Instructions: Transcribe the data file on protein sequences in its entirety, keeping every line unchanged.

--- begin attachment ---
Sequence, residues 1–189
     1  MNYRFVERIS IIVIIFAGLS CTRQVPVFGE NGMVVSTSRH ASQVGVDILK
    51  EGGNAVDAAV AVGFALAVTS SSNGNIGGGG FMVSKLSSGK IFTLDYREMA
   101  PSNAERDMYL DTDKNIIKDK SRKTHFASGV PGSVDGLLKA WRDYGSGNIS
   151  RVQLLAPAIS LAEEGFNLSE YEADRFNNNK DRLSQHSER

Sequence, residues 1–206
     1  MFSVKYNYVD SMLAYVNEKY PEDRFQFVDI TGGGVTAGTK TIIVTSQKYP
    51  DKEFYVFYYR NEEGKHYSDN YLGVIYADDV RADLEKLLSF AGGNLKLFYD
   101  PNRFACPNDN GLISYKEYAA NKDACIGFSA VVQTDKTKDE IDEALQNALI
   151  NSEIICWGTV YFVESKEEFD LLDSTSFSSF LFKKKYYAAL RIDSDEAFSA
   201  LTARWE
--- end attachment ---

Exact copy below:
Sequence, residues 1–189
     1  MNYRFVERIS IIVIIFAGLS CTRQVPVFGE NGMVVSTSRH ASQVGVDILK
    51  EGGNAVDAAV AVGFALAVTS SSNGNIGGGG FMVSKLSSGK IFTLDYREMA
   101  PSNAERDMYL DTDKNIIKDK SRKTHFASGV PGSVDGLLKA WRDYGSGNIS
   151  RVQLLAPAIS LAEEGFNLSE YEADRFNNNK DRLSQHSER

Sequence, residues 1–206
     1  MFSVKYNYVD SMLAYVNEKY PEDRFQFVDI TGGGVTAGTK TIIVTSQKYP
    51  DKEFYVFYYR NEEGKHYSDN YLGVIYADDV RADLEKLLSF AGGNLKLFYD
   101  PNRFACPNDN GLISYKEYAA NKDACIGFSA VVQTDKTKDE IDEALQNALI
   151  NSEIICWGTV YFVESKEEFD LLDSTSFSSF LFKKKYYAAL RIDSDEAFSA
   201  LTARWE